The Court of Appeal analyzed the language of the relevant provision, which uses the word “judge” and not “court” or “deputy judge”. The Court of Appeal viewed this as an express omission which signalled the legislature’s intention for such jurisdiction to be exercised by judges only. The Court therefore concluded that deputy judges of the Small Claims Court do not have authority to grant orders under section 137.1 of the CJA. The matter was returned to the Small Claims Court for a determination on the merits.
Given that deputy judges preside over virtually all proceedings in the Small Claims Court, the ability to bring an anti-SLAPP motion will generally be unavailable in that court. However, it remains open to defendants to seek to have a Superior Court Judge preside over an anti-SLAPP motion or to transfer an entire Small Claims Court proceeding to the Superior Court of Justice in order to rely on the anti-SLAPP provisions in the CJA. The courts will likely soon be asked to determine whether such a request should be granted.
By: Kyle Gossen and Andrew Valela
The City of Toronto is taking innovative steps to ameliorate its chronic shortage of low-rise, affordable and age-friendly housing options, by putting its 2,400 public laneways to good use.
Toronto’s extensive public laneways, which abut over 47,000 residential properties, present an opportunity to meet provincial land use planning objectives while increasing the City’s supply of ground oriented, affordable, rental housing.
The City defines a “Laneway Suite” as a secondary, self-contained, residential dwelling unit, typically located to the rear of a primary dwelling. Laneway Suites are now permitted on properties designated Neighbourhoods under the City’s Official Plan, zoned Residential under Zoning By-law 569-2013 and which abut a public laneway. Like basement apartments, another form of Secondary Suite common to Toronto, Laneway Suites rely on the same water, hydro, waste collection and sanitary services as the primary dwelling.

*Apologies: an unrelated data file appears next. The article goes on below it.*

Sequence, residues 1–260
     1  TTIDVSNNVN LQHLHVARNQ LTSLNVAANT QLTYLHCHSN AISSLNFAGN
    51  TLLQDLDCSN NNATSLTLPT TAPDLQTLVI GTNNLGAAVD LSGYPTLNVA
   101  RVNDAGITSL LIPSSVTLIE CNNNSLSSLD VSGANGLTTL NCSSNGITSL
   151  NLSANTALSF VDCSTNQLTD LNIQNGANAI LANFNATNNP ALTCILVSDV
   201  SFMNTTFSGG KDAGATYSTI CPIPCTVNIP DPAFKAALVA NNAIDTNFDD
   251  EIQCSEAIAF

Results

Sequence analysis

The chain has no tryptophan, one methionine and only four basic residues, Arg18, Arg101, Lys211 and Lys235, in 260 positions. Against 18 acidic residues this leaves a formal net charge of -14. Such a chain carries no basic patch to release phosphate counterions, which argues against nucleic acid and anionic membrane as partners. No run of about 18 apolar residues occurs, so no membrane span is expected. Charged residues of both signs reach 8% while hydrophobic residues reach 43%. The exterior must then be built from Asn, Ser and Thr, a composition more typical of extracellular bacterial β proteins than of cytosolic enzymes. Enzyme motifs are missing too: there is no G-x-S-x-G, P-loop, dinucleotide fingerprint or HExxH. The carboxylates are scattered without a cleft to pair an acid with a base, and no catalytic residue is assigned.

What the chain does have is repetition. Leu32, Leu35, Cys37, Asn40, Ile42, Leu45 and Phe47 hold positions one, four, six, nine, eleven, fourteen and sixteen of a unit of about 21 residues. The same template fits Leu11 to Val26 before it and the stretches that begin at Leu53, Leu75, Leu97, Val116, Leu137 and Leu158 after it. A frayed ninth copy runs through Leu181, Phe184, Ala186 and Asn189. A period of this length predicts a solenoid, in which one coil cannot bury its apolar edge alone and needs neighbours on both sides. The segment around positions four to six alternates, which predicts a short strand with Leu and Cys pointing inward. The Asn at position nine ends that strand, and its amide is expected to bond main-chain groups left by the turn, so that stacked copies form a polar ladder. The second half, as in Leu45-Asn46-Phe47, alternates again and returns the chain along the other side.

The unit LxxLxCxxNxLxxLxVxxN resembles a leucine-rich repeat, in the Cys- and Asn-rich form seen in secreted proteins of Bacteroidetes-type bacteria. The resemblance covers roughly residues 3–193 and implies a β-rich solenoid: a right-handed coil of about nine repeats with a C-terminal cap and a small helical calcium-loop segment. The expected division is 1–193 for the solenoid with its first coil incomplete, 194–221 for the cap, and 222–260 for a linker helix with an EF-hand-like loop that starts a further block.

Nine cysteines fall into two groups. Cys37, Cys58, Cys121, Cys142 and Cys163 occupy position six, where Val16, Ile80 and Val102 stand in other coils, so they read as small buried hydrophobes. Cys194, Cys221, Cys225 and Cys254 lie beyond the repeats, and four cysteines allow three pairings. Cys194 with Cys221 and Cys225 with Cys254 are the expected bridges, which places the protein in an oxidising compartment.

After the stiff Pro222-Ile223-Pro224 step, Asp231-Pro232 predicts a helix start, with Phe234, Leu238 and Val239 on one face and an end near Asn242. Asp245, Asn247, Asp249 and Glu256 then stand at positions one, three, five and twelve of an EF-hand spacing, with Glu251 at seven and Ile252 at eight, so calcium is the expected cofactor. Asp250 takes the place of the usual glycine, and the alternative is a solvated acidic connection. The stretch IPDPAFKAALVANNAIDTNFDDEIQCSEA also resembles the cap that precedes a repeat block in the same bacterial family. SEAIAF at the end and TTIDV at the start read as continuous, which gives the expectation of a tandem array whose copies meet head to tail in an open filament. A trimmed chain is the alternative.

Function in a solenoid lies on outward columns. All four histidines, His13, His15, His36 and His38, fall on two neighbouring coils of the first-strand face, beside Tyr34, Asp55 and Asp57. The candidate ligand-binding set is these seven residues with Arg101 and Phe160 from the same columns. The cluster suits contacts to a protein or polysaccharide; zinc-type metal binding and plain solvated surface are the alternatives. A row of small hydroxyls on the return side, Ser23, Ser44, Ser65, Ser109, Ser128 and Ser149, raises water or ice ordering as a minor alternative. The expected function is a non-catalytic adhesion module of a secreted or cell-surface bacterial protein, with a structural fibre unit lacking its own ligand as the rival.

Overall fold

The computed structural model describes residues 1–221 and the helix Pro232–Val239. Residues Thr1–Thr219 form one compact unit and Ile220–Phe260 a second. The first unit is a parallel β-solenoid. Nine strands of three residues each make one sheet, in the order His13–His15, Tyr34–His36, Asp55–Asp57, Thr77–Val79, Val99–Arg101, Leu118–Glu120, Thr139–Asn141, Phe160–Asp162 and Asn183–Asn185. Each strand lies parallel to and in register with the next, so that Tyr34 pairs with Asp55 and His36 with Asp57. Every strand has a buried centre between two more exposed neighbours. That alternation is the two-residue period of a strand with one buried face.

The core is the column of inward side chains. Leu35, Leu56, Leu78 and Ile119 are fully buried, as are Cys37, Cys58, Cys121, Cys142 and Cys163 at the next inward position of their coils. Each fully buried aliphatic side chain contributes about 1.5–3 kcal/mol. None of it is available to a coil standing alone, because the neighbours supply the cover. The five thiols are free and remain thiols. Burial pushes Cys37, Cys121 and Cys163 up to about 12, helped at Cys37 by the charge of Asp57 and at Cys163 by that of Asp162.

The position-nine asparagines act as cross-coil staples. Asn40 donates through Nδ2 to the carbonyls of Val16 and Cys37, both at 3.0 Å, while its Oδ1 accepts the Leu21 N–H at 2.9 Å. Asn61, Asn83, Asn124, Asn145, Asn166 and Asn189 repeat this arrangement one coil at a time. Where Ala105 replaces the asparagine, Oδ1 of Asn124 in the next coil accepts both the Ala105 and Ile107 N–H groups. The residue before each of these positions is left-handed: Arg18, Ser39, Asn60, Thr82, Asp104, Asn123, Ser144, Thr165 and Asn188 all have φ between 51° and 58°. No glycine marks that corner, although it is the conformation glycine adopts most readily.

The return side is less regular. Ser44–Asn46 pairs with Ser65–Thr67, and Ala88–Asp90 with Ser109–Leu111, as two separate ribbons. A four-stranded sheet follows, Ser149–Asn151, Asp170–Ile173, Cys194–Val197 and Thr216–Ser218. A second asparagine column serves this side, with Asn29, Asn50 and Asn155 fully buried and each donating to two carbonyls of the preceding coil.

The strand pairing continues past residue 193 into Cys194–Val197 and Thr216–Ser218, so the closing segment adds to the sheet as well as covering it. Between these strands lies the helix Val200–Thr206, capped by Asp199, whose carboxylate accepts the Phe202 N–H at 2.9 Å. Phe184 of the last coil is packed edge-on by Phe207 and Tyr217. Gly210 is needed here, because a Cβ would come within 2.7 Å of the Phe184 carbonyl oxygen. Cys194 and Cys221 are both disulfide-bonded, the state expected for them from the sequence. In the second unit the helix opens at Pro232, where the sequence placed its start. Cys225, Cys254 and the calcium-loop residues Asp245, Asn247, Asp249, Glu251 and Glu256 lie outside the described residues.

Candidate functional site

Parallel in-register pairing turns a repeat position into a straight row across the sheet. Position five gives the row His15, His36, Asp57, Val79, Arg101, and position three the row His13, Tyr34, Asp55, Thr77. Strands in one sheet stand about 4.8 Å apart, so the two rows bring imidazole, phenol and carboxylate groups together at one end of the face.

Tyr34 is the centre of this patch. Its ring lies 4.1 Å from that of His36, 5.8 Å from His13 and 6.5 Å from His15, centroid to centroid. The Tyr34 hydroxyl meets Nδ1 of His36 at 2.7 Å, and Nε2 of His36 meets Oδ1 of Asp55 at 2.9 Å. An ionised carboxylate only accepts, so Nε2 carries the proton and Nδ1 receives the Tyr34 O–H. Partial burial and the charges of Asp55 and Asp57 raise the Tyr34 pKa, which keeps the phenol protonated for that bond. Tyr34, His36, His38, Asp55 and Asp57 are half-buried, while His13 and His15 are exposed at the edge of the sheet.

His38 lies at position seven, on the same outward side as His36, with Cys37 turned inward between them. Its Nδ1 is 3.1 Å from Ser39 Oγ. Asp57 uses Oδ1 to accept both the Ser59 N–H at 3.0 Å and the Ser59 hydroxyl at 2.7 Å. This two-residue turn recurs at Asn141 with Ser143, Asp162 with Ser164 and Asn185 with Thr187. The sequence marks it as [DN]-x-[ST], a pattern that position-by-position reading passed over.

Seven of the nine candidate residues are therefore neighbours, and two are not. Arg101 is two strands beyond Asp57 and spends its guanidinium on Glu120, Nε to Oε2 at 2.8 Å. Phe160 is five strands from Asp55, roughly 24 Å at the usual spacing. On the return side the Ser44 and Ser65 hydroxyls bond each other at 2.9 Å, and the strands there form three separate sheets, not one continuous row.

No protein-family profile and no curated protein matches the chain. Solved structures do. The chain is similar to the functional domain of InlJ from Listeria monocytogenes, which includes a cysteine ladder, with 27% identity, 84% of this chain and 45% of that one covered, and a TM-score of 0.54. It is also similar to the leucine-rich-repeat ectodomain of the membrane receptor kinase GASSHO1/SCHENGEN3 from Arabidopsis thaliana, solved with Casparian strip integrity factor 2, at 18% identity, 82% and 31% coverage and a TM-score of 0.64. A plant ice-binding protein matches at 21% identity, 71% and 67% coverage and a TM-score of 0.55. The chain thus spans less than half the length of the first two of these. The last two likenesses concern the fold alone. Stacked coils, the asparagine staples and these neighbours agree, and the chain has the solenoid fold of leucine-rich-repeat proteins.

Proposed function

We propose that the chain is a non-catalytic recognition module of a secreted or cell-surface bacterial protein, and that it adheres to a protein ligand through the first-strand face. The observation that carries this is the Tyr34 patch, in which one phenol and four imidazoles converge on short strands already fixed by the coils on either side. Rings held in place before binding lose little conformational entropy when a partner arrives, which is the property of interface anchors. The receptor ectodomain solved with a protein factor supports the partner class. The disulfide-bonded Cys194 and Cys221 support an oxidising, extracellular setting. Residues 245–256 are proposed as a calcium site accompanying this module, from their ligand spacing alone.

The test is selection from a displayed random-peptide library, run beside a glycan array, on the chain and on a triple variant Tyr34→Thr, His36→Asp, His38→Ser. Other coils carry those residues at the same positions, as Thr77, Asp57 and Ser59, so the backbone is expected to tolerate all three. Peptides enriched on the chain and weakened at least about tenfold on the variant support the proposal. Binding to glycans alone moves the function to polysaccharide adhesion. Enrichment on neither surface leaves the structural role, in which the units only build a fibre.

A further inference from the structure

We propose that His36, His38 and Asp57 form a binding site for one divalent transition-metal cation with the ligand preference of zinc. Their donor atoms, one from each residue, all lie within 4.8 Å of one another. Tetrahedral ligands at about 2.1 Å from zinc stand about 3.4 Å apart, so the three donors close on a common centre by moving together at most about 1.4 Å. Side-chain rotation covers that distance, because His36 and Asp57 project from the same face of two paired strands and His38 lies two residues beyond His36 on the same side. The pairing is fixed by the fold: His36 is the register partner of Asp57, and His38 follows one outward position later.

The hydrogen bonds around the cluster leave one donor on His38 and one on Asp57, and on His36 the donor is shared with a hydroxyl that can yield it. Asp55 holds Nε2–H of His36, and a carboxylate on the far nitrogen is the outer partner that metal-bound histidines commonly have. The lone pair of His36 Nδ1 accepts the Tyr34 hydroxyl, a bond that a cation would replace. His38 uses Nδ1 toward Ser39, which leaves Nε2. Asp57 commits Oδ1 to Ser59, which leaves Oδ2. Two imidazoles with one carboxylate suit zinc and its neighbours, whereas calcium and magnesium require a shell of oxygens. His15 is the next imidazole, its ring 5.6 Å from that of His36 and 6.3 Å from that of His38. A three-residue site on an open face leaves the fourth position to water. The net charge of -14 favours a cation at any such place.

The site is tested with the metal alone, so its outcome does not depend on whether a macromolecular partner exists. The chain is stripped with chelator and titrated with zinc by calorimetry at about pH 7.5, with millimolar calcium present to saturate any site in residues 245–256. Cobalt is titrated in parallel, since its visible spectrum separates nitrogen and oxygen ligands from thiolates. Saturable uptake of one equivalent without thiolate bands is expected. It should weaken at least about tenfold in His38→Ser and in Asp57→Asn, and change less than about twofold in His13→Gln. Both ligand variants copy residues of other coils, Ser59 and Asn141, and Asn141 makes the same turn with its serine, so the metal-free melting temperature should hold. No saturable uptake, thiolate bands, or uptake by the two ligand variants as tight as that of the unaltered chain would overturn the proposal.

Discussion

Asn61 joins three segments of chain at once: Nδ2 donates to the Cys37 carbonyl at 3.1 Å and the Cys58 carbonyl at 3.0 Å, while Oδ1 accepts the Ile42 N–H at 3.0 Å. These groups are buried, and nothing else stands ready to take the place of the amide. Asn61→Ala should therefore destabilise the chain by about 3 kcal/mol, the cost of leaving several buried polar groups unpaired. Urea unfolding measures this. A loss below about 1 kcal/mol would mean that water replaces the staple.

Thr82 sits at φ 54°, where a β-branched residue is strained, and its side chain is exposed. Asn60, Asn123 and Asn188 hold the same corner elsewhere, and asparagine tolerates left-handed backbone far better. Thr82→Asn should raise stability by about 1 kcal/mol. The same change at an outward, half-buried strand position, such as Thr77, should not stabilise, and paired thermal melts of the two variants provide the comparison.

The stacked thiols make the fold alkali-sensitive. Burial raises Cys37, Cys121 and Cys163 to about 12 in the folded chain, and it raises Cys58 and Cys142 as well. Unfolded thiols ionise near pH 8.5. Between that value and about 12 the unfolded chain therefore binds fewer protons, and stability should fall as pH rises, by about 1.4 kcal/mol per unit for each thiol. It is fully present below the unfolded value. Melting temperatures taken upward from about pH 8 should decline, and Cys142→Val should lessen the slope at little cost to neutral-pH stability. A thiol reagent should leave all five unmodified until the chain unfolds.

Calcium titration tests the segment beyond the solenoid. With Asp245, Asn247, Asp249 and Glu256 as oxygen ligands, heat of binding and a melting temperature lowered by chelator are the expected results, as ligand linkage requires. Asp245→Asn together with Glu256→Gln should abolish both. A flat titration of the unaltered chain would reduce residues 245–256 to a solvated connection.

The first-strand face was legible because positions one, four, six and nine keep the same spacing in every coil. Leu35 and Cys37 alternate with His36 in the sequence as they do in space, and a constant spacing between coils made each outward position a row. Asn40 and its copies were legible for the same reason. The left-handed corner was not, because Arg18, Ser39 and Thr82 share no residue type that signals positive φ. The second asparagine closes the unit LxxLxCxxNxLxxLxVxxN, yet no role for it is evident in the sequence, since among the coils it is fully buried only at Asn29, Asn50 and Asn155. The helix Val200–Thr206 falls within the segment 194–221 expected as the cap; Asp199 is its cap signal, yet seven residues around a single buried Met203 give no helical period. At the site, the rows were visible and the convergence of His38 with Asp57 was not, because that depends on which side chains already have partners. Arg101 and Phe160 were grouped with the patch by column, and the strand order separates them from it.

Laneway Suites are intended to be of modest height (no higher than two stories or six metres) and scale (maximum length of ten metres and maximum width of eight metres), to limit privacy and overlook onto existing adjacent properties and maintain the neighborhood’s character.
In June of 2018, after significant public consultation and a comprehensive, interdivisional analysis, City of Toronto Council adopted Official Plan Amendment 403 and passed Zoning By-law 810-2018 to permit Laneway Suites within the boundaries of the former municipalities of Toronto and East York. In July of 2019, these permissions were expanded across the City with the adoption of Official Plan Amendment 460 and the passing of Zoning By-law 1210-2019.
A complete set of Laneway Suites zoning standards can be found within Zoning By-laws 810-2018 and 1210-2019 which have been linked above. The City does, however, acknowledge that some property owners may need Minor Variances from the Zoning By-law to permit Laneway Suites. Minor Variance applications will be reviewed against the intent of the Official Plan and Zoning By-law as well as the desirability and overall nature of the variance to determine if it is minor. The City is also offering a twenty-year Development Charge Deferral Program as well as an Affordable Laneway Suites Program providing forgivable loans of up to $50,000 for eligible property owners developing laneway suites. Click here for more information regarding both the Development Charge Deferral Program and the Affordable Laneway Suites Program.
City Staff are currently developing updated Guidelines and a “How-to Guide” specific to Laneway Suites to assist property owners, developers and consultants navigating this new and exciting development process. In the interim, an overview of the City’s Review of Laneway Suites can be found here.
If you have any questions about Laneway Suites please contact one of our municipal, planning and land development lawyers.
Conditional Permit Guidelines & Toronto Building Update
The City of Toronto (“City”) Development Charge (“DC”) rates are scheduled to increase on November 1, 2019. The City’s DC rates are determined and payable upon the issuance of a building permit (“BP”); therefore, in order to lock in the current DC rates and avoid the increase a BP must be issued on or before October 31, 2019.